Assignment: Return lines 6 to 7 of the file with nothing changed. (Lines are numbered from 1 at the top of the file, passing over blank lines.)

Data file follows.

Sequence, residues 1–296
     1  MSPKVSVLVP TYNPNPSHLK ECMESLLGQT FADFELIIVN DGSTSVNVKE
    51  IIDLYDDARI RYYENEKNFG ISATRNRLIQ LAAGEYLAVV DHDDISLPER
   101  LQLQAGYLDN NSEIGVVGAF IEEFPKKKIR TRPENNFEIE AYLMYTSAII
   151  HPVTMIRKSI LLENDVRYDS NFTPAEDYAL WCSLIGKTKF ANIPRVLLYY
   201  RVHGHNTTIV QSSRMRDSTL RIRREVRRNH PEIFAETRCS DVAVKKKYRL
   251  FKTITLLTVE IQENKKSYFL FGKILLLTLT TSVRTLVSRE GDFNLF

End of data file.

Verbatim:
   201  RVHGHNTTIV QSSRMRDSTL RIRREVRRNH PEIFAETRCS DVAVKKKYRL
   251  FKTITLLTVE IQENKKSYFL FGKILLLTLT TSVRTLVSRE GDFNLF